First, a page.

Old Time Jazz Great

Musical Home Schooling

Red Allen was born Henry Allen, Jr. to Juretta Allen a year after his father, Henry Allen, Sr. formed his Algiers, Louisiana (just across the Mississippi from New Orleans) marching jazz band in 1907. This only child started his musical career with his father's band, the Allen Brass Band, which was active up into the fifties, until he was 15 where he joined George Lewis and the New Orleans Stompers.

New Orleans to St. Louis

Until he left New Orleans in 1926 to work with Sidney Desvigne's Southern Syncopators, on the Island Queen, a Saint Louis to Cincinatti riverboat tour, he had spent the last couple of years first with the established Excelsior Band, played with the Sam Morgan Band, then partnered an ensemble with John Casimir before his last house band gig with Captain John Handy at the Entertainers' Club. Red crossed paths with the King Oliver band, The Dixie Syncopators, when he was on his road trip after finding the work in the speakeasys curtailed thanks to zealous Federal agents.

New York Interlude

Introduced by Paul Barbarin and Kid Ory from New Orleans, Allen joined them and Oliver for their two month trip (his first) to the Savoy Ballroom, and to Victor recording studios with Clarence Williams.

Back Down to N'Orl'ans

The Cotton Club's offer for Red Allen to join this most famous venue was obviously too low, as Red let Duke Ellington take the opportunity, and he went back home. That summer of 1927 he was playing at the Pelican Club in New Orleans with Walter "Fats" Pichon, and a few months later hooked up for a year on the river with Fate Marable on the ship, the Strekfus Capitol.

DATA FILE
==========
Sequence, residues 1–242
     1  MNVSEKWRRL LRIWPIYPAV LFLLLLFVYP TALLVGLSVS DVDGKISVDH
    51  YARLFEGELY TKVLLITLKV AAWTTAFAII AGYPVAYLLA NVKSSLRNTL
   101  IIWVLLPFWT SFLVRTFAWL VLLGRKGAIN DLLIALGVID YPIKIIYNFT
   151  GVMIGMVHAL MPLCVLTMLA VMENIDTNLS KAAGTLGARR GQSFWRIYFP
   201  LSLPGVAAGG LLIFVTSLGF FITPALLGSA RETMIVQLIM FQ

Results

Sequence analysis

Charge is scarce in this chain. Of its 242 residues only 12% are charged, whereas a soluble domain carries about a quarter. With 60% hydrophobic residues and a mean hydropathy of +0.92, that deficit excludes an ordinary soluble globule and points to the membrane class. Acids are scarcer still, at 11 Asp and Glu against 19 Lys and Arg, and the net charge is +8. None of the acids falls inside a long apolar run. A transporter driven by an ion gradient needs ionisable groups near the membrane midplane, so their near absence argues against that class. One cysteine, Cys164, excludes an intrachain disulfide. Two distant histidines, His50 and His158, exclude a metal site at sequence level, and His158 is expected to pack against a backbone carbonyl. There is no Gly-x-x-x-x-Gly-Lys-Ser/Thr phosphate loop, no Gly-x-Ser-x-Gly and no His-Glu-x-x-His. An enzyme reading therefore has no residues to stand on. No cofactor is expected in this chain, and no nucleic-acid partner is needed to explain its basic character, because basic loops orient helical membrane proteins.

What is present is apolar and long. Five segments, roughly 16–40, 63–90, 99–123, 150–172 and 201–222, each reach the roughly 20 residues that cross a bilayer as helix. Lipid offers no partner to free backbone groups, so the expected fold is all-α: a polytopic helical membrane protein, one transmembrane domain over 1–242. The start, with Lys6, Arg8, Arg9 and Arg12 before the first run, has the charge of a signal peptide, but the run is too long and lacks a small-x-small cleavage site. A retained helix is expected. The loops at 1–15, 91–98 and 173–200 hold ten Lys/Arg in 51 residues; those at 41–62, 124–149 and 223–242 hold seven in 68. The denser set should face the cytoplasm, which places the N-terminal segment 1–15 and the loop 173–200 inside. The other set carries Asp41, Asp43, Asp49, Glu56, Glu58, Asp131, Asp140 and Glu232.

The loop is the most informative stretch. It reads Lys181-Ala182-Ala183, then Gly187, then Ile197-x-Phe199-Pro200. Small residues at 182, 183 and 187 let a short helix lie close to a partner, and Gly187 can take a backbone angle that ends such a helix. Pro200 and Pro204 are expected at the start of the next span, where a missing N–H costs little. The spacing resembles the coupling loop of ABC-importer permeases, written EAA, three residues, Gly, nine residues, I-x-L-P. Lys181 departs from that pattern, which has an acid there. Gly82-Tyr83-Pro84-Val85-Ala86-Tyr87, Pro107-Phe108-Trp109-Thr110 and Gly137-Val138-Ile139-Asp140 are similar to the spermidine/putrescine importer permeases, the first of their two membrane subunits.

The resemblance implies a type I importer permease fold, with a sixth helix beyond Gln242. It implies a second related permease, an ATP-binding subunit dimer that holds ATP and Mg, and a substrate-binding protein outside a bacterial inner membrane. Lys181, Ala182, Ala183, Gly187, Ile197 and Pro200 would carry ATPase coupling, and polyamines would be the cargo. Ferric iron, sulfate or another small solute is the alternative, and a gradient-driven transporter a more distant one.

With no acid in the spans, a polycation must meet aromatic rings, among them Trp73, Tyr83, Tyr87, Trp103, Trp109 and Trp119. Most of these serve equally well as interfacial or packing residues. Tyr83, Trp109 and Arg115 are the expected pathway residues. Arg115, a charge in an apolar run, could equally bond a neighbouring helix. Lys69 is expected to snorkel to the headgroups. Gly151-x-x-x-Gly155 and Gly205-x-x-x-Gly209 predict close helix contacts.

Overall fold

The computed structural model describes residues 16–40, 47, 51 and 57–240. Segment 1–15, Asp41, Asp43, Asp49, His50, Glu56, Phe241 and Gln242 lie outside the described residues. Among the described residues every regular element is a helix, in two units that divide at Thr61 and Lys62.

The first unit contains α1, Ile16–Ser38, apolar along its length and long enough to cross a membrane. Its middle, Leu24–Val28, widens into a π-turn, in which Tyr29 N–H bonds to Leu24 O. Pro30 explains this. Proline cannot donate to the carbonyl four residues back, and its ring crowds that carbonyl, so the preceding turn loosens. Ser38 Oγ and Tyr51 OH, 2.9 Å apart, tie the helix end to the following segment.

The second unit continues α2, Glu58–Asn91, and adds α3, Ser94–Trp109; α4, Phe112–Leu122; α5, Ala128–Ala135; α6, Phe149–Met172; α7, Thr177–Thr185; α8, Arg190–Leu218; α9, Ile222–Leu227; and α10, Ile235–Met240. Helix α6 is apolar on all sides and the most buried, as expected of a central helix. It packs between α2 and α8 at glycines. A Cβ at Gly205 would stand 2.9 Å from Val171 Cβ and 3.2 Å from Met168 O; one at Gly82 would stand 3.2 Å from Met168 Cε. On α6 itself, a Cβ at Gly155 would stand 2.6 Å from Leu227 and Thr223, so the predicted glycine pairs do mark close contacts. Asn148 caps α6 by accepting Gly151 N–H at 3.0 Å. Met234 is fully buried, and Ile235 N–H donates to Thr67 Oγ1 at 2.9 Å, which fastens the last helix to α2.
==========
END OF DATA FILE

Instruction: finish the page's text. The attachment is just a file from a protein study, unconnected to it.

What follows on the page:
Competition for Louis Armstrong

1929 was a year that Okeh records was triumphing with Louis Armstrong's talent, but Victor company saw an window of market share in Red Allen's virtuosity, so he was brought back to New York City that spring. He was able to work with Luis Russell and Duke Ellington for jobs as well as after sitting in recording sessions with Walter Pichon, Jelly Roll Morton and the Red Hot Peppers, Louis Armstrong, and Victoria Spivey he had his own releases. He was like so much, especially with his meshing with Luis Russell, that he joined that band.

Thriving in the Thirties

The recordings that Red Allen did during the early 1930's are legendary, his talent announced by trumpet: Saratoga Shout, Louisiana Shout, and Stingeree Blues. When Sidney de Paris was unavailable for an of 1931 studio ensemble on Brunswick, Red Allen's searing solo was captured in Shakin' the African. Irving Mills and Billy Banks pulled together some of that era's greatest talents to back their vocals in studio, and Allen held his own, no problem alongside Tommy Dorsey, Coleman Hawkins, Gene Krupa, and Fats Waller. Also included, no room to included all, were Pops Foster, Pee Wee Russell, Zutty Singleton and All Morgan.